"I'd be standing outside as a kid, listening to people talk about us, as they walked by,” Leung remembers. Look at that meat hanging in the window—it’s disgusting. I don’t know how those people eat that stuff, they’d say.
Whether or not the old timers have come around isn't something Leung worries about—most days, you will wait around a good while to eat at Hong Kong Barbecue Master; it is one of the most celebrated businesses in Richmond for a reason, beginning with the fact that the meat is some of the highest quality meat to ever get the Chinese barbecue treatment, at least around here.
Everything is from scratch, all natural, chemical free. There is char siu pork in brilliant red, there is roast pork with crackling skin, juicy, near-perfect duck like it’s no big deal, sautéed free-range chicken, served wan and pale but tasting like a million bucks, and one of the stars of the show, soya chicken, emerging from its luxurious bath of soy and herbs and rock sugar and white wine and other delicious things. There is direct heat, indirect heat, lots of tossing and turning, and the end result is surely worth more than roughly $7 in American dollars, for a Styrofoam plate with perfectly-cooked white rice and a bit of bright green broccoli.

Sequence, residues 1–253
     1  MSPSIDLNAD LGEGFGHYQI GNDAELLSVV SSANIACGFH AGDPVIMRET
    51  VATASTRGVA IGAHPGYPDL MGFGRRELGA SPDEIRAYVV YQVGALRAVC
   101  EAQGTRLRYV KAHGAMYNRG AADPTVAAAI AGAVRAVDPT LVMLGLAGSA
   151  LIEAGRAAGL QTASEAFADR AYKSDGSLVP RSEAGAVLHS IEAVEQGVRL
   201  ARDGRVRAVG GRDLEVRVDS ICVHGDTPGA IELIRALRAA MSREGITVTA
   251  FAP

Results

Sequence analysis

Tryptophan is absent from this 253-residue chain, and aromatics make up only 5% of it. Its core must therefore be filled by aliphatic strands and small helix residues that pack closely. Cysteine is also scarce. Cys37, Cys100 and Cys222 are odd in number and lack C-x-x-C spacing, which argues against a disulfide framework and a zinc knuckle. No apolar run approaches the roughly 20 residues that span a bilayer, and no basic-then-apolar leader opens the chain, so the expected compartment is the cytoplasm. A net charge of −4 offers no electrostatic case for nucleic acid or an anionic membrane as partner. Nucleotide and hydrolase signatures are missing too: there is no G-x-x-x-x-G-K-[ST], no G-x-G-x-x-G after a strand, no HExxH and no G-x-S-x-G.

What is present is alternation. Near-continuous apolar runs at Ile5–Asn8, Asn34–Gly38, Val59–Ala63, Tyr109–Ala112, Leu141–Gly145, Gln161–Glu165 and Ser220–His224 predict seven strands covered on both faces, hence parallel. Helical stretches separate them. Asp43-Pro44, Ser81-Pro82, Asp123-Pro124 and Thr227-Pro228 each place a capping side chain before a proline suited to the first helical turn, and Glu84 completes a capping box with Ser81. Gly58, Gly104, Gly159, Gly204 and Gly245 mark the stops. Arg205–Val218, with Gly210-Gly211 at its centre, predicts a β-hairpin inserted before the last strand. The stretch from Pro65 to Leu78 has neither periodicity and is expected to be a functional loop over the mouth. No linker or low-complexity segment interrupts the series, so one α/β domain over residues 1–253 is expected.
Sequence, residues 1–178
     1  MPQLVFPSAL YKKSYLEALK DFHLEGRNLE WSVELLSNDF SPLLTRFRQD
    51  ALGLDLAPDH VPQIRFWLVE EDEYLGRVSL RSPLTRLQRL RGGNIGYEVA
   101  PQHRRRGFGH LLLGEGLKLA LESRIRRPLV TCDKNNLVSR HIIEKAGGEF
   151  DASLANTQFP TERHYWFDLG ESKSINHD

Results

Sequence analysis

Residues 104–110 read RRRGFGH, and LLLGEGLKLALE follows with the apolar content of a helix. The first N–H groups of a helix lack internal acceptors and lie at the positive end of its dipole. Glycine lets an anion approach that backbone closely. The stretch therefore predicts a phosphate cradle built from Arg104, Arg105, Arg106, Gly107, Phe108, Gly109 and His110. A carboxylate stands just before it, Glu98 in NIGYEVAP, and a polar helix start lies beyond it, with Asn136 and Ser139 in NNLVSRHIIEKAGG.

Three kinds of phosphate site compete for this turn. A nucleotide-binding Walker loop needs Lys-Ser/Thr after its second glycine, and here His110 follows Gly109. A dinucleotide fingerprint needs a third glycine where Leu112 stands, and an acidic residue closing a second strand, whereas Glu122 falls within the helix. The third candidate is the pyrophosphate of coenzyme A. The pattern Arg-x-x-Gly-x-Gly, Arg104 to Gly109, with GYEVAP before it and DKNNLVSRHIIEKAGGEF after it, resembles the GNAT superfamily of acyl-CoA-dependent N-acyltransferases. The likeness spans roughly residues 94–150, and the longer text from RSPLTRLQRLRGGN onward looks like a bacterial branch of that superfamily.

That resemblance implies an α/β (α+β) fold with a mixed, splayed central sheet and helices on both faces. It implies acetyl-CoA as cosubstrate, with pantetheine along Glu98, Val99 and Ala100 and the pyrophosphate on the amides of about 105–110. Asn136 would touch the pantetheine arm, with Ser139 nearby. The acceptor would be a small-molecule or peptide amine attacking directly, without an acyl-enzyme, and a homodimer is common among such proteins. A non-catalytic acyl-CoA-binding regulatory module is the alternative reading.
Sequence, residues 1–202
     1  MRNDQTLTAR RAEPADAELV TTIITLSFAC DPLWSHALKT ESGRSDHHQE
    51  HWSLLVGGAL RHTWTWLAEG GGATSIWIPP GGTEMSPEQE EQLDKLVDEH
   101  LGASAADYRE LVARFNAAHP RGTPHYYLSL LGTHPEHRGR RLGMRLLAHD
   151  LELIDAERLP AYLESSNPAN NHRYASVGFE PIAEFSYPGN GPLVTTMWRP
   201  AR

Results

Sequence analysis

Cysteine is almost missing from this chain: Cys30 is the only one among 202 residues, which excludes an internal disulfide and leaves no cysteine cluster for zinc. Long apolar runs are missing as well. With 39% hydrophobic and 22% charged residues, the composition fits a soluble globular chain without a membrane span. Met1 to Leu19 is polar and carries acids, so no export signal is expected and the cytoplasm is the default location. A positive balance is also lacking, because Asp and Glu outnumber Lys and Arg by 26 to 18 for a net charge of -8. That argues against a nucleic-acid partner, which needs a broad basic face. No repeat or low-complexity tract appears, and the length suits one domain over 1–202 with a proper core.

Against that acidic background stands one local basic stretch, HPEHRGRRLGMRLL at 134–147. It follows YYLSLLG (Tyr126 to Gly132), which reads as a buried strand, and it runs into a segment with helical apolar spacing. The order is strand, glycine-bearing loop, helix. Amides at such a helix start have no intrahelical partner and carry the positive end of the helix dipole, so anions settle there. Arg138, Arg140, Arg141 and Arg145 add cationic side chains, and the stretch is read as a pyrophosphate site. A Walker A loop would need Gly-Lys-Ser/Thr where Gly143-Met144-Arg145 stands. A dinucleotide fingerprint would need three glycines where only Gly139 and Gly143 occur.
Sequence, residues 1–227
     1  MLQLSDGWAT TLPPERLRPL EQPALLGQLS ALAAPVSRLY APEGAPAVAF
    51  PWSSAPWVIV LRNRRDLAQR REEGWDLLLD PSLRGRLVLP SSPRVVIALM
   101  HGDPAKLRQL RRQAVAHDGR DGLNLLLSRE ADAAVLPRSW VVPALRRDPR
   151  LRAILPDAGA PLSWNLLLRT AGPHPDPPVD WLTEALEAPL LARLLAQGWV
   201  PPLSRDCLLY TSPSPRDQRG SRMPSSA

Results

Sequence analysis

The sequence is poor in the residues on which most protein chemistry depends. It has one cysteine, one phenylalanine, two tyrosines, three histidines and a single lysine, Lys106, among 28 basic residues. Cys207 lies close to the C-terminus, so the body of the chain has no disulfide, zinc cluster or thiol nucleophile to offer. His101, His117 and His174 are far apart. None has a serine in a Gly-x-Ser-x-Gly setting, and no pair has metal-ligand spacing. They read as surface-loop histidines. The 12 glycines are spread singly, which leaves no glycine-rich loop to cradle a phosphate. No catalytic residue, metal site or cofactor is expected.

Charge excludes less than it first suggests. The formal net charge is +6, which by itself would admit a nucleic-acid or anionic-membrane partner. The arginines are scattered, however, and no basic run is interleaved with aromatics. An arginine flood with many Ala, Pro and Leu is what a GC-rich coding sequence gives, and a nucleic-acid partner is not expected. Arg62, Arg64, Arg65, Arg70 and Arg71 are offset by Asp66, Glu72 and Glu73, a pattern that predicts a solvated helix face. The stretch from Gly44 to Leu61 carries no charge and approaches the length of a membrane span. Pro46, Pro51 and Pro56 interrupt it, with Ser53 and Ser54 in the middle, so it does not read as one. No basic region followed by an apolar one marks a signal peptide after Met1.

Typically, you don’t walk into Chinese barbecue joints, and certainly not deceptively humble little places like Hong Kong Barbecue Master, asking questions about technique, and process, but this place is different. The elder Leung is firmly of the old school, and you will see less and less of him as time goes on, by design—these days, Anson is practically running the place, and with an almost missionary zeal for the craft, which his dad began teaching him at a young age.
“Normally, they don’t take you by the hand and teach you,” says Leung, of the old guard. “You just get told what to do. Nobody’s teaching, people are taking their recipies to their grave,” he laments, noting that because of this, Chinese barbecue risks becoming a dying art.